Forgiveness is one of the leading issues that Jesus concentrated on teaching as recorded in Luke. Beginning in chapter 1:76-77, the children of God are tasked to deliver the message of forgiveness to the non-believers. Additionally, in chapter 3:3, John the Baptist urges people to repent assures them of God's forgiveness when they are baptized. Elsewhere, in chapter 5:20-24, Jesus shows the disciples that when one repents and has faith, his sins are forgiven. He commends a man and assures him that his sins are wiped away. Also, in chapter 5:32, Jesus affirms to the complainants that He came to forgive and urge the sinners to repent. The theme of mercy is also portrayed in chapter 1:50, 54, 72, and 78 as an unfailing trait of God. In fact, the tender mercy is compared to a dayspring.

Importunity is one trait that is encouraged in Christians' lives. In Luke 18:1-8, Jesus taught about persistence in worshiping God by using a parable. Also, chapter 24:53 shows the joyed disciples persistently praying as instructed by Jesus as they waited for the Holy Spirit. On the other hand, Jesus also never ceased to warn the disciples about greed. In fact, greed and earthly wealth are two themes that overlap each other. Essentially, Jesus, in chapter 6:24 and 25, declares that the wealthy and greedy are unlucky for they shall mourn, hunger, and weep. Moreover, in chapter 18:24, He discourages greed for wealth by saying it is almost impossible for the rich to go to heaven.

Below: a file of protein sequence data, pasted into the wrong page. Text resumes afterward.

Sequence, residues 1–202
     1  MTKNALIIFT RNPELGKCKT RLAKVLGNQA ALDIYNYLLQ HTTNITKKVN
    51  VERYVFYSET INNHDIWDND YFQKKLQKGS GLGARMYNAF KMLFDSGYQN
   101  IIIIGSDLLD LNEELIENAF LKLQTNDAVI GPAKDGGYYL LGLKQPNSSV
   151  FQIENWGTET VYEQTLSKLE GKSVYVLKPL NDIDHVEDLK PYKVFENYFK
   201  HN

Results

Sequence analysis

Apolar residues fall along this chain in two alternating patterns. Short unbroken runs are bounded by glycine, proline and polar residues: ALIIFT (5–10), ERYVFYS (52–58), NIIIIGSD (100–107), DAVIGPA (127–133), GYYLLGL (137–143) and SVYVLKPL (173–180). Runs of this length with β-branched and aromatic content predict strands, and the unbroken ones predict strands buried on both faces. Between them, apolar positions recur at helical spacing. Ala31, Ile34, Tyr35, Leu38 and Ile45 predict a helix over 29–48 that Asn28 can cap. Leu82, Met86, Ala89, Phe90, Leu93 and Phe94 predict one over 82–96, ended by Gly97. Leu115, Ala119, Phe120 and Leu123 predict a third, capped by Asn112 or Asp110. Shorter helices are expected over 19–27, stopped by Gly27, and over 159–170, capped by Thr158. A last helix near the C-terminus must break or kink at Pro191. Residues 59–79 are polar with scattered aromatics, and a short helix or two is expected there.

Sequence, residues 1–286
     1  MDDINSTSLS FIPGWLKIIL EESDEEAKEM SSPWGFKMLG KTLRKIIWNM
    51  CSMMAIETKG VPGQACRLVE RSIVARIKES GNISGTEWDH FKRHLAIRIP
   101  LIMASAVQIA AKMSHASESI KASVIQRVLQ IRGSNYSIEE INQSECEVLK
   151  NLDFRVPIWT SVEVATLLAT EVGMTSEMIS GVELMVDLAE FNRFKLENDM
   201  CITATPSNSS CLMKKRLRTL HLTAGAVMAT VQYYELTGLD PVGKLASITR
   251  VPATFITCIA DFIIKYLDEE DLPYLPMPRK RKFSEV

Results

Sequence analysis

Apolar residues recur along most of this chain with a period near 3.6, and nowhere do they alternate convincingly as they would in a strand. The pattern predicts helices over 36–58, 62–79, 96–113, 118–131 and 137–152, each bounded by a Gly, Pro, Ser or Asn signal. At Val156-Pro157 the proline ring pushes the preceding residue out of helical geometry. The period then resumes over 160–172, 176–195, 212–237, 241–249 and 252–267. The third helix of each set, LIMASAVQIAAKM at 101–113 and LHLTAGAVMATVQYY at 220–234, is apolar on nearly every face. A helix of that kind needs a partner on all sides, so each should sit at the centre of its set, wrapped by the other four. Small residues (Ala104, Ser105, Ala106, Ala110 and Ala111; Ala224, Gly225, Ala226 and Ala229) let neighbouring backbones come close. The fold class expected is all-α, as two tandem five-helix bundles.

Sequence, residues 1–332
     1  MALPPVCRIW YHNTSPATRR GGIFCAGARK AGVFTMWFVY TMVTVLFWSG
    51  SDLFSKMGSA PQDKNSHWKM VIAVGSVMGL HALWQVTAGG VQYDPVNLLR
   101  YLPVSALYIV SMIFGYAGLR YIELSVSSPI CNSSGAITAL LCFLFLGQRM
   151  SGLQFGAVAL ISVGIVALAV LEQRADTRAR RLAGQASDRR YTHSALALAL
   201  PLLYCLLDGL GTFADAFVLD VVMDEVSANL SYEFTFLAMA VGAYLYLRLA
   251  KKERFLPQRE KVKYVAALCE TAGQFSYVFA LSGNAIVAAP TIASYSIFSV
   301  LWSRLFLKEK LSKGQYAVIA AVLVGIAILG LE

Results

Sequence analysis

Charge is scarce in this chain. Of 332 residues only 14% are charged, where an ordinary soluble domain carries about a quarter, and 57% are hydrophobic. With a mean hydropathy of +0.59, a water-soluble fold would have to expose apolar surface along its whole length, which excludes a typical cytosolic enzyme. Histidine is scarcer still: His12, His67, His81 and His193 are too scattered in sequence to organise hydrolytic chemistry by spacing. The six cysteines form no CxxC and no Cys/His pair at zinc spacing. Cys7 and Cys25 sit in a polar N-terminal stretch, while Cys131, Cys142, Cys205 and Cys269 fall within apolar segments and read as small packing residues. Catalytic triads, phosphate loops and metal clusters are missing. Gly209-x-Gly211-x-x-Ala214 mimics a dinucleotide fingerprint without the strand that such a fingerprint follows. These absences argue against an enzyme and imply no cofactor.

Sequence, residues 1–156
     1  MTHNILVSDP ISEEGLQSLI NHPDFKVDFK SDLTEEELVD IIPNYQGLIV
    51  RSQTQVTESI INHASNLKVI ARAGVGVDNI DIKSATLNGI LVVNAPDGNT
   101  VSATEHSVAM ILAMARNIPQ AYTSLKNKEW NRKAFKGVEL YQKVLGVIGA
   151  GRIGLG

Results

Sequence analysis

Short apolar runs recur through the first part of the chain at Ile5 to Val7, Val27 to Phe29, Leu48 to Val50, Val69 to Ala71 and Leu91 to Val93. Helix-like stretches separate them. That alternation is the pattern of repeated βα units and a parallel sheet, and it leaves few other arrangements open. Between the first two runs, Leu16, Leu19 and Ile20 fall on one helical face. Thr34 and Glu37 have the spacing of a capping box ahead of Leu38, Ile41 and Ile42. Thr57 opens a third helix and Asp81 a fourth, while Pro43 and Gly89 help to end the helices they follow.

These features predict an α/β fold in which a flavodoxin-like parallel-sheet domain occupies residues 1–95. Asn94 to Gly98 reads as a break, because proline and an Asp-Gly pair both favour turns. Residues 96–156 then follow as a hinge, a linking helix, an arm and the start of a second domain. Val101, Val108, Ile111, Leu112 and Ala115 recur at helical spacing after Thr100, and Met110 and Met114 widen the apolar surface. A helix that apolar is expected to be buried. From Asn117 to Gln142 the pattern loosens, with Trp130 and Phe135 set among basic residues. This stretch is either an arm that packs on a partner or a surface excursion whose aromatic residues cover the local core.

Another theme is the love of God for the sinners who repent. This theme is demonstrated most by the parables in chapter 15:3-5, 15:8-10, 15:11-32, 19:1-10, and 23:39-43 which involve the lost sheep, coin, and the prodigal son. The happiness that is felt when the lost are found shows the love of God. Moreover, even in the house of Zacchaeus who was considered unworthy and sinful, Jesus declares He had come for sinners. Additionally, at the cross, Jesus instantly forgives the repenting thief and assures him of paradise. The theme of prayer is also presented in several instances. In fact, Luke presents Jesus as prayerful in the chapters 3:21, 5:16, 6:12, 9:18, and 29. Also, He encourages the listeners to pray without ceasing and with persistence as in the parable in chapter 18:1-8.

Part 5

Luke presents Jesus as the only perfect human representative of the sinners in the presence of God. Moreover, his choice of themes enables the leader to see the main aim of Jesus as saving the sinners because of His unconditional love. Fundamentally, it nourishes the readers spiritually through showing the deep love of God expressed to us through His Son. Besides, the writer focused on showing how Christians should live their current earthly lives in preparation for the eternal lives. Importantly, the message is still as relevant today as it was to the proud Pharisees and the sinful people of the past because it addresses all the virtues needed in life. The primary trait of Jesus seen is love and endearing. On the flip side, the Christians are presented as unworthy and only dependent on the love and mercy of God. Based on the data in this gospel, Christianity is founded on the virtues of love to both God and neighbors. It makes me feel that God, who is love and cares for all, is always watching and when one persistently prays, He listens as He has promised.

June 12, 2023